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Unix Links and Filesystems

A file system is a set of files plus tables of information about those files. All unix machines have a filesystem whose root is /. Onto this can be mounted other file systems. Typing df or bdf will display the mounted file systems and show where their roots are mounted. The I-node table is the focus of all file activity in UNIX. Within each file system there is a unique inode allocated for each file of every type. It is natural but erroneous to think of files being "in" directories. In fact directories contain the file names and corresponding indices into the i-node table. Each entry in a directory is of the form

[file name]    [i-node number]

meaning that all the information about the file referenced by file name is contained in the entry for i-node number in the i-node table.


The i-node of a file can be found using "ls -i". Two or more file names can be associated with the same i-node (ie the same file) using the "ln" command.

	     touch spon   - to create a new file "spon"
	     ln spon spon_too
will create two names for the same file. Note that "spon" and "spon_too" are on an equal footing. They are both "hard links": "spon_too" is in no way inferior to "spon".

The i-node entry for a file contains a field that stores the number of links made to that file. If you continue the previous example with

ls -li spon*

then you will see that the file names refer to the same i-node entry (1st column) and the 3rd column shows that this file has 2 links to it (namely "spon" and "spon_too").

  1673 -rw-------   2 xyz99      ugrad            0 Oct 12 02:21 spon
  1673 -rw-------   2 xyz99      ugrad            0 Oct 12 02:21 spon_too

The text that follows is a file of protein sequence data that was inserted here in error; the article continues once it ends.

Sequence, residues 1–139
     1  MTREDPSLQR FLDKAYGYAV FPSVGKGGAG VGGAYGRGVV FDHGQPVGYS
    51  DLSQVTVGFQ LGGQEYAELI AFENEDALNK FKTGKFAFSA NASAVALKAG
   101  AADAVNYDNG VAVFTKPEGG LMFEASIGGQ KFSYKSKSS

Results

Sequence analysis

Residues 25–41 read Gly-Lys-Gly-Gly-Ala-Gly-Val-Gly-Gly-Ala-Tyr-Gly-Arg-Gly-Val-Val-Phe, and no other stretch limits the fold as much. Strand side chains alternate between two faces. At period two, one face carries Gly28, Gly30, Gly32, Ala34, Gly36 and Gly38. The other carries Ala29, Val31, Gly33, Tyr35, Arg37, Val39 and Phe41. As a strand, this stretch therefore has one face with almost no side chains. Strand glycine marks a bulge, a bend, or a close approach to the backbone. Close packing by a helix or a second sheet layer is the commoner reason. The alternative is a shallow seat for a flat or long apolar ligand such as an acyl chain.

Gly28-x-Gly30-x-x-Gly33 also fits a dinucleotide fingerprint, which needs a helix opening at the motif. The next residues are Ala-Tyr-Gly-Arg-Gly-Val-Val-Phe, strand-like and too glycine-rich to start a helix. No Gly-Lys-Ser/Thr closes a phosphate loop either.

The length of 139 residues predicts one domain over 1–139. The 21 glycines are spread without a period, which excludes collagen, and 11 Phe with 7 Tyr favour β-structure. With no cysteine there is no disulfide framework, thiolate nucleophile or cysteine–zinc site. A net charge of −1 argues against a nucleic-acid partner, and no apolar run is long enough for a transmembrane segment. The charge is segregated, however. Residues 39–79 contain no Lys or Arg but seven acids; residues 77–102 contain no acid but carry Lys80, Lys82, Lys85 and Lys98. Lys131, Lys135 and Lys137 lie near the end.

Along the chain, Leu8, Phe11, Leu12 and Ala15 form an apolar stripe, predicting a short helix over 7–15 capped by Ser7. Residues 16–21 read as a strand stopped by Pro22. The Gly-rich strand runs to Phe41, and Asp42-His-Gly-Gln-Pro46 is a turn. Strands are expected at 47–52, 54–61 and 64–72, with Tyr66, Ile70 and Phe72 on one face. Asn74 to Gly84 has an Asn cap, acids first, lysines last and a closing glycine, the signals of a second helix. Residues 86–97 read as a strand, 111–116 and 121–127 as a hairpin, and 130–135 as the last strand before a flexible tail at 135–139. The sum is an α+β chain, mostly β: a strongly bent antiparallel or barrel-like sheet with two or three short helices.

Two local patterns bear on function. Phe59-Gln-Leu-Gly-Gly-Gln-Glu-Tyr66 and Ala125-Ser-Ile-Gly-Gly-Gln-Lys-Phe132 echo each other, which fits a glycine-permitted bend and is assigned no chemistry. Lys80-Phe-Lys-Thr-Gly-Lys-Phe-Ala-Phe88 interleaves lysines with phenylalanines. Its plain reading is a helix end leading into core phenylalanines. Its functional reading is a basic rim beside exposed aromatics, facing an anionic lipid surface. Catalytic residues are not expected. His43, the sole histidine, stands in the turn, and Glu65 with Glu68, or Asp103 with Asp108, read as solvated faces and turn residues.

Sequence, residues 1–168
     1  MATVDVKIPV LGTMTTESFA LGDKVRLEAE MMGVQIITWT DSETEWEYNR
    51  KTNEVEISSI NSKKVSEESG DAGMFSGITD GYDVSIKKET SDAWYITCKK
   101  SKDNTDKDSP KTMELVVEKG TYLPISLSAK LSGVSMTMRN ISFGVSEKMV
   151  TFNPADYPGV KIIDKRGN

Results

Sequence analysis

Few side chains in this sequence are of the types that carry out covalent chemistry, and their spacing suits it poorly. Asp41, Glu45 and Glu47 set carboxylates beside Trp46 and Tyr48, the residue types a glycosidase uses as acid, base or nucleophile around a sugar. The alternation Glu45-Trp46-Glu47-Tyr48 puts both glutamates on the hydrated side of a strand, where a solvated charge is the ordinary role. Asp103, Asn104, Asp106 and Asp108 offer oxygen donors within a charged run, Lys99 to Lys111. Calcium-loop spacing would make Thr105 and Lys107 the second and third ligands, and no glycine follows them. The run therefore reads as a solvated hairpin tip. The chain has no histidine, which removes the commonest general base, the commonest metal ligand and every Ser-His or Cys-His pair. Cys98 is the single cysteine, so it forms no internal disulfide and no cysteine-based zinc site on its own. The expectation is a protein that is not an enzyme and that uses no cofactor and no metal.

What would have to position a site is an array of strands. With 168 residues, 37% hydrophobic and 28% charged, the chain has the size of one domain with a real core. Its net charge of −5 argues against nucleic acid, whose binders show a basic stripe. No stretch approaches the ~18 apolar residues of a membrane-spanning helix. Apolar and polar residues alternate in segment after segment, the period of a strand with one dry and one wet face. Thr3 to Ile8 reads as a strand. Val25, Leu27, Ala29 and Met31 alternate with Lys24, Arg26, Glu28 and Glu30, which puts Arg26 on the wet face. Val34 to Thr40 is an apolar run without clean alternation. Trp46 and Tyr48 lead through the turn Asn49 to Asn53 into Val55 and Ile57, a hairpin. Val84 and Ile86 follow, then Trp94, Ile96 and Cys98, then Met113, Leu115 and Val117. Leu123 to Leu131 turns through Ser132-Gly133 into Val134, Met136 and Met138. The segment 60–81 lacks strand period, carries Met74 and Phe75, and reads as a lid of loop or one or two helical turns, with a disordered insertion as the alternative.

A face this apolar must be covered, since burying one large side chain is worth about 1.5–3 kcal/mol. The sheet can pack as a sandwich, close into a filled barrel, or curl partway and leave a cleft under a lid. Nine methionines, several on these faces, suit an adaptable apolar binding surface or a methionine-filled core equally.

A file doesn't disappear until all the hard links to it have been removed, so doing

rm spon

will not remove the file that "spon" referred to, only this link to it.

Note also that you can't hard link between file systems ; each file system has its own i-node table so an i-node index is not unique across file systems.

Symbolic links

If you do:

rm spon*

touch spon

ln -s spon spon_too

ls -i

you will see that "spon" and "spon_too" no longer reference the same i-node.

A symbolic link is a (sort of) string alias; wherever you mention "spon_too" it will be substituted for by "spon". "spon" and "spon_too" no longer have the same status; if you do:

rm spon_too

you will only remove the alias whereas if instead you do:

rm spon

you will remove the file that "spon" referred to, and "spon_too" will be left pointing to a nonexistant file.

To see if an entry in a directory is a symbolic link or not, type:

ls -l

If an "l" appears in the 1st column, then the file is a symbolic link, the size is the size of the link and the last column shows where the link points.

-rw-------   1 xyz99      ugrad            0 Oct 12 02:39 spon
lrwx------   1 xyz99      ugrad            4 Oct 12 02:39 spon_too -> spon
If you do:

ls -lL

you will be given information about the file that the symbolic link points to rather than the link itself.

A number of programs distinguish between hard and symbolic links. For example, tar has an option (-h) which saves files that links point to rather than the links themselves.

Symbolic links, unlike hard, can be made between file systems and can refer to directories; this is their main use.

cd .. can have unexpected (but predictable) results with symbolic links.

To find the symbolic links recursively under a directory, use:

find directory-name -type l -print

To find all the mount points on the root directory, use:

find / -type M -print

For further information see:-

ln(1) - use man ln: note that the syntax of this is

ln [options] file_linked_to name_of_link

The arguments are this way round so that the final argument can default to the last component (the basename) of the file_linked_to.

© Cambridge University Engineering Dept
Information provided by Stephen Mounsey (sjm17)
Last updated: 26th April 2010